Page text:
I told you that Tilapia is a staple in Filipino cooking, and I wasn't kidding. We had it all the time. My cousin Sam and I requested these little fishes every day. I love to eat it with eggplant, steamed or fried. Also, we had pork belly for lunch multiple times. My favorite preparations were the bbq pork belly (cooked on top of a banana leaf over a wood fire) and the fried pork belly (lightly seasoned, deep fried until crispy on the outside and tender on the inside). As seen in the bottom-left photo, I had my fried pork belly with sauteed bamboo shoots. So yummy!

In Filipino cuisine, you'll often see one-pot dishes in which meat and vegetables are stewed or sauteed together. Some of my favorites from our trip were, from top to bottom: Chayote (aka Pear Squash) sauteed with ground pork and chayote leaves, pork afritada (a tomato-based stew with carrots, potatoes, and red pepper), and shrimp (Oh hey, MORE shrimp!).

It took about a week into our stay before I was finally allowed to help cook something. It was a very odd feeling. When I did make it into the kitchen, though, I helped with a Filipino classic: nilaga. It's a simple soup made by boiling beef, peppercorns, and bay leaves to create a delicious broth, then adding a variety of vegetables.We used cabbage, green beans, and bok choy.

Nilaga is lightly seasoned, so it's served with a mixture of fish sauce and calamansi for added flavor.

Another standout was the Chicken Tinola. It's another popular Filipino soup. This one is made with ginger, green papaya, and malungay leaves (spinach or chili pepper leaves are often used as substitutes). I was so happy when my mom made this because I absolutely LOVE chicken gizzards. It may be a little weird for some people...but I enjoy the meaty flavor and they are very tender if cooked correctly. We also had grilled squid stuffed with tomatoes, onions, and ginger! Fresh, spicy, and delicious :)

And, last but not least, dessert! Or snack. This dish can be both! It's Filipino-style fruit salad. The basic formula is fruit cocktail, condensed milk, and cream. However, this is one of those things where everyone has their own recipe and little touches. I don't particularly like when it's made with regular fruit cocktail (peaches, pears, grapes, etc.), but I do LOVE when it's made with tropical fruit cocktail! The one my Auntie Jessica made had papaya, pineapple, and nata de coco. The cream to condensed milk ratio is pretty much based on personal preferences. Some people even use a little bit of mayo for thickness and to balance out all the sweetness. Another addition that I feel is a must-do: Eden cheese. There's that Eden cheese again! It's salty, creamy, and slightly tangy. Again, it balances out the syrupy sweetness of all the fruit.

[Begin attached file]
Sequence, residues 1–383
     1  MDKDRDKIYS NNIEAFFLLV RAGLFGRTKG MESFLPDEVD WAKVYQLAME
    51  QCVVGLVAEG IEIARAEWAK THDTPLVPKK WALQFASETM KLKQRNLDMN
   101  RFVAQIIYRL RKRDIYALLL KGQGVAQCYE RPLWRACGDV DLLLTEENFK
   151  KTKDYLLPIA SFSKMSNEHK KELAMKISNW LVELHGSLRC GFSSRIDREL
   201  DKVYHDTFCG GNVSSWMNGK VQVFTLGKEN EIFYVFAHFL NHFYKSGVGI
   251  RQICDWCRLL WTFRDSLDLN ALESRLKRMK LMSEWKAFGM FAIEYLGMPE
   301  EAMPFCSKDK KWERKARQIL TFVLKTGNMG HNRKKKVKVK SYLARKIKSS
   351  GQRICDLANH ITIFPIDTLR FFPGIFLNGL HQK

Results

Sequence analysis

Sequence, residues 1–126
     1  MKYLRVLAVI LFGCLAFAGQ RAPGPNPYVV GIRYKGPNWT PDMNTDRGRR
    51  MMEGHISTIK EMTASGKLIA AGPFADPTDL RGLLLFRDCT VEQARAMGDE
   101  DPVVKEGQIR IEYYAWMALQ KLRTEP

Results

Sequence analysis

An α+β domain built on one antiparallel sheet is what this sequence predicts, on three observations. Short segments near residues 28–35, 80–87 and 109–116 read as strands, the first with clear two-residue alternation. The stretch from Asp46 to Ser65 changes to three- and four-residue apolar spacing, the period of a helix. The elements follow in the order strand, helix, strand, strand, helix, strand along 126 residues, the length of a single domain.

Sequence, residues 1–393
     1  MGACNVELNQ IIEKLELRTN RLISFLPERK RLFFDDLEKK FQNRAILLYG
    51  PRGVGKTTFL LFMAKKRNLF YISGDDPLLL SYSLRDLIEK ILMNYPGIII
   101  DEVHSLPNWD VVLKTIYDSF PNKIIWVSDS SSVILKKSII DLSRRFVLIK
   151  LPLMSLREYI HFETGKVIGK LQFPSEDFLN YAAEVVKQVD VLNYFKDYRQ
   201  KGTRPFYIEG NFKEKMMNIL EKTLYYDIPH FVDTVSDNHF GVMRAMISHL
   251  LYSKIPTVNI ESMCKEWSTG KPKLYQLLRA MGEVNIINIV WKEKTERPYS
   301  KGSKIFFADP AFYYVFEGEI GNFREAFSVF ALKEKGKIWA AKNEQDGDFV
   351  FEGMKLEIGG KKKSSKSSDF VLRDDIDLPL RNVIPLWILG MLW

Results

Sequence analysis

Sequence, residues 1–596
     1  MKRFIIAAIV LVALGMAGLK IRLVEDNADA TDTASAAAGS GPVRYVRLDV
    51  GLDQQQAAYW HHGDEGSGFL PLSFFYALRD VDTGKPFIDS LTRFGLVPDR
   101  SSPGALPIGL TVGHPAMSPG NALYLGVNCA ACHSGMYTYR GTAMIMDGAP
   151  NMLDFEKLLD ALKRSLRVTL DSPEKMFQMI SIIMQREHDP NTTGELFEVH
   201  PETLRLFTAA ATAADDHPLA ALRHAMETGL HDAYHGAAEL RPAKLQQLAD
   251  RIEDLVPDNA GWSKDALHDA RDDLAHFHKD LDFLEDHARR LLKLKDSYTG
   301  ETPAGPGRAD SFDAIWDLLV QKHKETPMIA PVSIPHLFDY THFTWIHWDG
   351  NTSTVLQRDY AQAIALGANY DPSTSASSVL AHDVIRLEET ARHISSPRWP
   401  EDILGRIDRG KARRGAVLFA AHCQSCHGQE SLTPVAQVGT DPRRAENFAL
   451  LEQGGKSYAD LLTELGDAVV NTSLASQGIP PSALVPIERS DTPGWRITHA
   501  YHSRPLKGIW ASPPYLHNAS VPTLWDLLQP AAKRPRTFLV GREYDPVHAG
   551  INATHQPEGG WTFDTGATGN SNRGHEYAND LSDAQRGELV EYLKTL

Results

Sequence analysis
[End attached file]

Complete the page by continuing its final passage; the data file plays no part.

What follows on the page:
The fruit salad is then put in the refrigerator or freezer to let the cream/condensed milk set and thicken. We always make it in large batches, so it lasts for a few days. It's one of those yummy dishes that you can scoop out and fix yourself a bowl, then keep coming back for more...and more......and more.

All of these dishes are the Filipinos' version of the proverbial "comfort food", the ones that just make you feel warm and fuzzy on the inside thinking of mom, grandma, or aunt. And, most importantly, home. There's a lot of love and passion behind preparing and cooking this food, things that you should always include when you're in the kitchen. I learned that from my mom, and I hope to pass that on someday as well :)